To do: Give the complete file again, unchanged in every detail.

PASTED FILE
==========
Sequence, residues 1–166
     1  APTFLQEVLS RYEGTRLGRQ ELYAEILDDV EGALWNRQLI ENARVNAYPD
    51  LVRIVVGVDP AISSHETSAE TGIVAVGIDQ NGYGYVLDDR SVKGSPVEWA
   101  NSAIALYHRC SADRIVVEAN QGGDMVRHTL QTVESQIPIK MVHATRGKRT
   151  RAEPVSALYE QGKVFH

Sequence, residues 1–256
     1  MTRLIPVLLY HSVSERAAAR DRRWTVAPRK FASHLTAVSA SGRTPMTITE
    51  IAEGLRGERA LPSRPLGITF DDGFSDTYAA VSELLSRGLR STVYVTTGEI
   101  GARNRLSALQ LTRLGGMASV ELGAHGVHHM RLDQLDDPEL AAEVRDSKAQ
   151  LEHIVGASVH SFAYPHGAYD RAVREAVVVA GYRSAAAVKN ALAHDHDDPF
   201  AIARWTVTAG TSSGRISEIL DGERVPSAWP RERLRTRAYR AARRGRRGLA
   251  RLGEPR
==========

Sequence, residues 1–166
     1  APTFLQEVLS RYEGTRLGRQ ELYAEILDDV EGALWNRQLI ENARVNAYPD
    51  LVRIVVGVDP AISSHETSAE TGIVAVGIDQ NGYGYVLDDR SVKGSPVEWA
   101  NSAIALYHRC SADRIVVEAN QGGDMVRHTL QTVESQIPIK MVHATRGKRT
   151  RAEPVSALYE QGKVFH

Sequence, residues 1–256
     1  MTRLIPVLLY HSVSERAAAR DRRWTVAPRK FASHLTAVSA SGRTPMTITE
    51  IAEGLRGERA LPSRPLGITF DDGFSDTYAA VSELLSRGLR STVYVTTGEI
   101  GARNRLSALQ LTRLGGMASV ELGAHGVHHM RLDQLDDPEL AAEVRDSKAQ
   151  LEHIVGASVH SFAYPHGAYD RAVREAVVVA GYRSAAAVKN ALAHDHDDPF
   201  AIARWTVTAG TSSGRISEIL DGERVPSAWP RERLRTRAYR AARRGRRGLA
   251  RLGEPR